Salon Apprenticeship Struggle
You are not alone. Many salons are struggling to recruit new employees for apprenticeships, so do not panic it is not you.
Recent statistics show there has been a 27% drop in people starting apprenticeships from August to October last year compared to the same time in 2016 (Source: NHF)
This can have quite a significant knock on effect for the running of a salon if your team do not pull together.
I know in one of our biggest salons we have had the same struggle. We think we have a gold mine walking through the door one minute, to learn that 3 weeks later the job is not for them.
We believe one of the key reasons is…
Milleniuals – Without categorising milleniuals too much, the world wide web has had a huge impact on how the next generation see the world and how their average working day should be.
Gone are the days of working every hour for little money and working their way up the ladder. It all seems to be about working as little hours as possible, having everything handed on a plate and getting huge rewards in return for it in no time at all. Unfortunately this doesn’t always work.
How to Attract Apprentices in Your Salon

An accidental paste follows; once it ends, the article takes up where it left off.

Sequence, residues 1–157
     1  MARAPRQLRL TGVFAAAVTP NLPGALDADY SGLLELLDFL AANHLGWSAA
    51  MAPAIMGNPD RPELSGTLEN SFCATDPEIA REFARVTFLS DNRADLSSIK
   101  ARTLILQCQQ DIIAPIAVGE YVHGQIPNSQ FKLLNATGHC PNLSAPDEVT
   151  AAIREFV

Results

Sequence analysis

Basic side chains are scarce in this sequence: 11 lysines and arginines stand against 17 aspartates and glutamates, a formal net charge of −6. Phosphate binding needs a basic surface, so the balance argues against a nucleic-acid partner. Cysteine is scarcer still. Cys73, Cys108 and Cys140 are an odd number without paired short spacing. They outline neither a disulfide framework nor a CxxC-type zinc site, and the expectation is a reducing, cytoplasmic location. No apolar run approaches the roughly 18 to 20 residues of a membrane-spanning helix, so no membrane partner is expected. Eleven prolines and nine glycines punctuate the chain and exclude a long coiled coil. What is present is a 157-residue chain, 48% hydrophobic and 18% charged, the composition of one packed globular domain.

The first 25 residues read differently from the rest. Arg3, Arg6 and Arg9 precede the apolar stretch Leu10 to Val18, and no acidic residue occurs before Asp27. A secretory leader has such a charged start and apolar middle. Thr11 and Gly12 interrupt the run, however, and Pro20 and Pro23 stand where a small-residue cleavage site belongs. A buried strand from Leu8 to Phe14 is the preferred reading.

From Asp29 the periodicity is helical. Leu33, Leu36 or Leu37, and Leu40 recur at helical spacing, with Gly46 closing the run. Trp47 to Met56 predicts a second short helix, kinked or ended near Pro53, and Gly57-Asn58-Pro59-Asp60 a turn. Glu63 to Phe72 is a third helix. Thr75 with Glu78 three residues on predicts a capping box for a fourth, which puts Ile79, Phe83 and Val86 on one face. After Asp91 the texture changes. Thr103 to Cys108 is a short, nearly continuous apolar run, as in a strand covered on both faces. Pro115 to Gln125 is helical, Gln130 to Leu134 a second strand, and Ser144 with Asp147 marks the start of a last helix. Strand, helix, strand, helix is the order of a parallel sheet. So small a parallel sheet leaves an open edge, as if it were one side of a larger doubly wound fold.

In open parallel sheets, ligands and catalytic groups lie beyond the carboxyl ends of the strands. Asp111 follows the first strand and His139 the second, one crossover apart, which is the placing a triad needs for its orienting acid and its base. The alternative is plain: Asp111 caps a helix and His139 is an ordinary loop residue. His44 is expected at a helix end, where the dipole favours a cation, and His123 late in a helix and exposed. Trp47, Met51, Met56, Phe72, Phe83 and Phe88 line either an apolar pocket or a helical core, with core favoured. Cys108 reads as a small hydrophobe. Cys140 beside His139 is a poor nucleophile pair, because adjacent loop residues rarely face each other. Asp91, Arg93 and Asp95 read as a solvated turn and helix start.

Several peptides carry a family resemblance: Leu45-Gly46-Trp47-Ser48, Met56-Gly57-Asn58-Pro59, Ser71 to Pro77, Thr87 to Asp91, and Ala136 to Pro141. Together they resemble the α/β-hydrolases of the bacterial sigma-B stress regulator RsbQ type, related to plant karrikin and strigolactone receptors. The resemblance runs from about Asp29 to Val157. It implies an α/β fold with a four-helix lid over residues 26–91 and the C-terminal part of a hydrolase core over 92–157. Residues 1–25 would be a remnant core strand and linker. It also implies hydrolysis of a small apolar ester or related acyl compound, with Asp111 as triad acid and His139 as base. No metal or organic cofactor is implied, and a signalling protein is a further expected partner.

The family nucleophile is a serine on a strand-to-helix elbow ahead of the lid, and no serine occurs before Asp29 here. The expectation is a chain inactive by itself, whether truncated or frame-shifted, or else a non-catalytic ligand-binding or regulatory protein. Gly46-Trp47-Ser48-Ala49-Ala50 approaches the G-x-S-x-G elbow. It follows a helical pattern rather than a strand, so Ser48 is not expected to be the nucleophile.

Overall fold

There are a number of ways to attract apprentices, it just means thinking a little outside the box and if what you have been doing for some time isn’t working then maybe it’s time to try something new to get them through the door.
As an industry we need to do more to attract our future professionals. We often tend to lean more towards school leaves as the cost for taking the through an apprenticeship is much less due to minimum wage.
– Have you thought about employing slightly older candidates? This may mean that the older employee are more focused and learn quicker? Therefore complete their NVQ in a shorter space of time and become earners for the salon.
– What about paying more than the minimum wage? We’re not talking about the sam hourly wage as your stylists and therapists but more than what other salons in your area are paying them.
Apprentices, if fast learners and passionate about the role can still be assisting you in the salon and become earners, for example Shampooing, helping with refreshments, blowdrying, or applying a tint on your behalf if you are running behind.
Why not email your client database and ask if they know of anyone that is looking to start a career in hairdressing? If they are successful and get the job you could doffer a reward of £100 for example to be used in the salon.
– Ask your team. You are with your team almost every day, they may not have even thought about asking friends or family. Give them a nudge, and again you can offer an incentive or reward if they recommend someone. Perhaps £50 gift usher when the are recruited and then a further £50 once they have completed their probation period of 3 months (or what ever it may be)
We would love to hear your ideas on this topic. How have you been successful in recruiting apprentices?